I reject the idea that any corporation can profit by publishing publicly funded research that should inherently be free. I want to see widespread rejection of this idea. Share your PDFs. They can't arrest all of us.

Aaron Swartz's Open Access Manifesto

Sunday, January 6, 2013

2013 resolutions

Inspired by this list of 12 resolutions for grad students, I'm making the following goals for the next year:

  • Map out the year.
    • Use Google Calendar to make weekly and monthly goals.
    • Plan out weekly time use in blocks the week before.
  • Improve productivity.
    • Always have an active side project that can substitute for surfing the internet when taking a break.
    • Spend one day a week (Friday) working without an internet connection or cell phone.
  • Embrace the uncomfortable.
    • I've already moved from Ubuntu to Arch Linux on my laptop, and am using a very minimal desktop setup geared toward programming productivity. I'll be installing Arch on my work machine as well.
    • Learn vim or emacs (but which one?)
    • My research mostly involves data analysis; I'd like to try a simulation for a change.
  • Upgrade your tools.
    • I hate reading PDFs on a computer screen, and being at a computer is distracting. For Christmas I got an e-reader which I'll use with Zotero to keep my reading list with me at all times.
  • Stay healthy.
    • I've been following a ketogenic diet (low carb, high fat) for the past few months, and am feeling great, so I plan to continue. I lost 20 pounds this last semester; the goal is to lose another 15 over the next semester, at which point I will have hit my target weight (and a minimum since my high school wrestling days ended.)
  • Update your CV and website.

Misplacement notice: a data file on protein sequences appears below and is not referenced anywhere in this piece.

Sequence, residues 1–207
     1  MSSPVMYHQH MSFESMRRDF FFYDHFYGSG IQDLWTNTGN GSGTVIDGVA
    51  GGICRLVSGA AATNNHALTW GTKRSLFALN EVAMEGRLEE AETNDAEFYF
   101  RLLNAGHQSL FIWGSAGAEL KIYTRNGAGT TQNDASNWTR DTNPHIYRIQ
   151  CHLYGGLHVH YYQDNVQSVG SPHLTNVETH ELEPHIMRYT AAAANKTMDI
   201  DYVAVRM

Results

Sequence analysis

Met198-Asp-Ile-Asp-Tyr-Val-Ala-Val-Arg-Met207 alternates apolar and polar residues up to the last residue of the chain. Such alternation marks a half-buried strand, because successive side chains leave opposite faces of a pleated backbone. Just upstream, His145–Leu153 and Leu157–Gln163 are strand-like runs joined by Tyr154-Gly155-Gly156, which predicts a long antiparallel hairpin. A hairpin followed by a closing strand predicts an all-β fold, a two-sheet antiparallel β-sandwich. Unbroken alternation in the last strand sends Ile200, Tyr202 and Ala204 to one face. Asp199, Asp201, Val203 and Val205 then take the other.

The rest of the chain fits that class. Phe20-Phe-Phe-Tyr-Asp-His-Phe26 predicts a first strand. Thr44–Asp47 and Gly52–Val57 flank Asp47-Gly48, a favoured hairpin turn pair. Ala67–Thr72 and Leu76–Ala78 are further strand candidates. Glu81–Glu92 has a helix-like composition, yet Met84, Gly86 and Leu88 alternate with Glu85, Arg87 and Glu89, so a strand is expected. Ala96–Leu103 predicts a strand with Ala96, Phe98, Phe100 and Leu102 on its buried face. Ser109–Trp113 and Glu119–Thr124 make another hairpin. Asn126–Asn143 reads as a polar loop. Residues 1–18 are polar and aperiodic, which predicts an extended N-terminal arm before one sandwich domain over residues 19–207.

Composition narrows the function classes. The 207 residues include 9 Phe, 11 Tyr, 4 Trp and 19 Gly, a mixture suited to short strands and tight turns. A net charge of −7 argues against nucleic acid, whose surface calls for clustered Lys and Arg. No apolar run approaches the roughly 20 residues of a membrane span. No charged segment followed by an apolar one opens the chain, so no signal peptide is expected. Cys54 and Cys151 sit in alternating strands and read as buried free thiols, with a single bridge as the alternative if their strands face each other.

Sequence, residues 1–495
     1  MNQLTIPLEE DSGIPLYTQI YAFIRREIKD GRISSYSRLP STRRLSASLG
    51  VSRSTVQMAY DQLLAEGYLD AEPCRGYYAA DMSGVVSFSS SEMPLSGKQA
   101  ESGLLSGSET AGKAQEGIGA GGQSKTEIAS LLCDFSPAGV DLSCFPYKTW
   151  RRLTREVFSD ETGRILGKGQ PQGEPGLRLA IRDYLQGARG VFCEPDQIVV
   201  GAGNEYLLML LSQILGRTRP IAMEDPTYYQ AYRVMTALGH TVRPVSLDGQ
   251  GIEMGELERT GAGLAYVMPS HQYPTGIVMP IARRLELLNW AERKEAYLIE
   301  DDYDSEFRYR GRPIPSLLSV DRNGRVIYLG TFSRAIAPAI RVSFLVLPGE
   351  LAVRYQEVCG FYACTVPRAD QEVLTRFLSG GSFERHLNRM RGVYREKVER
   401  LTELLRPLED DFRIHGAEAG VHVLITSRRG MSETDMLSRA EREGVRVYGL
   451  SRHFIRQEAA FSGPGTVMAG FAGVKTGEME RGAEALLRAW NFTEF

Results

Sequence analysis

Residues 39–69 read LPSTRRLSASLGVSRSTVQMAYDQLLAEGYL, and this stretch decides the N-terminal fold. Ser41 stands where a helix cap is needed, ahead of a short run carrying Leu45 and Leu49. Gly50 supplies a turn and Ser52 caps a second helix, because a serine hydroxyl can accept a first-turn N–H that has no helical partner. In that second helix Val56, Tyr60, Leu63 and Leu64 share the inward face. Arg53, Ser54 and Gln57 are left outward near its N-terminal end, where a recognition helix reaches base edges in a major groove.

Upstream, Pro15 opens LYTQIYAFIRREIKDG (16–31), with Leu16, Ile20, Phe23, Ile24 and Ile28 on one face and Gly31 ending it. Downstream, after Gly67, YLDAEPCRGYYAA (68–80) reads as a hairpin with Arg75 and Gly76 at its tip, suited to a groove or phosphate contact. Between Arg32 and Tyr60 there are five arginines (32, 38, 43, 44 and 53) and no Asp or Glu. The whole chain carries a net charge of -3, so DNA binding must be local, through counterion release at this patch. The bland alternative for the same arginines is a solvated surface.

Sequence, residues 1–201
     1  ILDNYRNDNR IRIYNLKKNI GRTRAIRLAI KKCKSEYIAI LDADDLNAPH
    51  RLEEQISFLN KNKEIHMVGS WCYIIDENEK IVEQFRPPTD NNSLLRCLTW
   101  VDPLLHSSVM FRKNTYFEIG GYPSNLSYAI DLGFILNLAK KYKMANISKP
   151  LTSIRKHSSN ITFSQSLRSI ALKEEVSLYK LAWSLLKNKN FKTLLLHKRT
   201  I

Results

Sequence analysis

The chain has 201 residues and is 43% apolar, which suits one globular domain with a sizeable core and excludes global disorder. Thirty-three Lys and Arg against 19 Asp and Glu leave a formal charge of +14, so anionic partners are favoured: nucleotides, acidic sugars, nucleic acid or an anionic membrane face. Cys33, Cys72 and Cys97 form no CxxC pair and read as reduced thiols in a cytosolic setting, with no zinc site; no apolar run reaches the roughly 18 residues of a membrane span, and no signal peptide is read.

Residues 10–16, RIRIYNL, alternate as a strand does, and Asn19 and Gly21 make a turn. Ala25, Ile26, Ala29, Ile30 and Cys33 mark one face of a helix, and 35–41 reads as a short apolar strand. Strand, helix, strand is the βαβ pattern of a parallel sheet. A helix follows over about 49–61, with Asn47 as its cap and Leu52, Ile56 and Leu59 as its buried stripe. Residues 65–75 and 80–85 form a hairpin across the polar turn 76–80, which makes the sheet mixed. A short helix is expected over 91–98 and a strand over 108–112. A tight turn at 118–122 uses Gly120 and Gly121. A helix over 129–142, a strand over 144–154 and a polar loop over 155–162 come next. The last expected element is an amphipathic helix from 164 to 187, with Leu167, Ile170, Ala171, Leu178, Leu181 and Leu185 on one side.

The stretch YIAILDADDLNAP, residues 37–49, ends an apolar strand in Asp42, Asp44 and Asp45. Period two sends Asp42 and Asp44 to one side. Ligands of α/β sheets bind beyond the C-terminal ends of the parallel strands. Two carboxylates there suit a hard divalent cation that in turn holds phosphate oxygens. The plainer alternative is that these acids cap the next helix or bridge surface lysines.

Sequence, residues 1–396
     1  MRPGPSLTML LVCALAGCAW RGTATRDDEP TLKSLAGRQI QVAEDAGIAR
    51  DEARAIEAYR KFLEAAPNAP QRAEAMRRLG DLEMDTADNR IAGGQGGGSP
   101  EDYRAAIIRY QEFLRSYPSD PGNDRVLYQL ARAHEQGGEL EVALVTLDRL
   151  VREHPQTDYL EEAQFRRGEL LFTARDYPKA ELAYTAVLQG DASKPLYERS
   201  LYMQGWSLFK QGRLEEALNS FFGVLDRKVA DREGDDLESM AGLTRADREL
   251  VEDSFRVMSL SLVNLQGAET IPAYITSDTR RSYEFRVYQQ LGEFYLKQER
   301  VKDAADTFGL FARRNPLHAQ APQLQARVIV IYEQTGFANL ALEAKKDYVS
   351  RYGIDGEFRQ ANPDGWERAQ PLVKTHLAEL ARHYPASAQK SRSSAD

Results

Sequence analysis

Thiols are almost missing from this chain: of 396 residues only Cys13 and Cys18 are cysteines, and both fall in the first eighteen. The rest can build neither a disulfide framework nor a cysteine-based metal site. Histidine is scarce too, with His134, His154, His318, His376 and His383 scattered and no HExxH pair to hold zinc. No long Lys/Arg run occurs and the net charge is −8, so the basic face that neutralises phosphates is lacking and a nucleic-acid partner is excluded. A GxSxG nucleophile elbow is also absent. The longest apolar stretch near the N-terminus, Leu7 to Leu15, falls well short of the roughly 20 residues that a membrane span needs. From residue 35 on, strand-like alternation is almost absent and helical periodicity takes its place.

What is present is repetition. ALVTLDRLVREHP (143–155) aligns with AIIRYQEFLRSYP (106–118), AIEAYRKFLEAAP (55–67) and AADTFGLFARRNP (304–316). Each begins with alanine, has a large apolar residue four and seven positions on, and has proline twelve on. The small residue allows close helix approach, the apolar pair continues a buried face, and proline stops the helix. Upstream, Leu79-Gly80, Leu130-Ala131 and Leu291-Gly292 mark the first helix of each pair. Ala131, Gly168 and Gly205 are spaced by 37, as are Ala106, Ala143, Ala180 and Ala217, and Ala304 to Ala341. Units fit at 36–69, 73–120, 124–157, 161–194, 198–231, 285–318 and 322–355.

• I think I do a pretty good job at this, but I'm going a step further by managing my CV in plain LaTeX (instead of LyX, which is kind of a black box to me) and putting it in a public Github repository. (And it now features a snazzy blue theme!)
  • Keep an eye on the job market.
    • I signed up for job alerts on indeed.com for keywords like "ecoinformatics" and "macroecology." These keywords don't seem to have a lot of openings each year, so a few e-mails every now and then shouldn't be too distracting.
  • Network.
    • I have a few good networking opportunities coming up this year, including the Phylotastic hackathon, the annual meeting of the Ecological Society of America, and two Software Carpentry workshops I'm helping out with (at NESCent and UVA).
  • Say thanks.
    • (Nothing specific that I'm listing here.)
  • Volunteer for a talk.
    • I'm part of an ESA Ignite proposal being organized by Sandra Chung of NEON, so hopefully will have a chance to give a 5-minute talk in Minneapolis this summer.
  • Practice writing.
    • I'm pretty inconsistent with blogging, so I'm going to shoot for a thoughtful blog post at least biweekly.
    • Additionally, I'll try to space projects so that there's always something in the pipeline that can be written up.
  • Check with your committee.
    • I don't actually have one yet, so the first step will be to form one.


Additionally, from 12 resolutions for programmers (there's a lot of overlap with the grad school list, but a few additional goals):

  • Learn a new programming language.
    • I typically learn one new language a year; this year, I'd like to learn Smalltalk Perl. Perl is ubiquitous, so it seems like a better language to learn; I'll get around to Smalltalk if I find the time.
  • Learn more mathematics.
    • I'm taking a course on probability, which I didn't have a chance to take as an undergraduate. (At least, I think I am - it's over capacity, so I'm waitlisted.)
  • Engage in the arts and humanities.
    • Over the break, I've been trying to improve my drawing ability. As a side effect, I'm learning to engage the underutilized right side of my brain a little more. What effect this has on my work remains to be seen.
  • Complete a personal project.
    • If anything, I probably do this too much; I'll set aside specific blocks of time to work on specific personal projects, and continue my Hour Challenges as long as they're productive.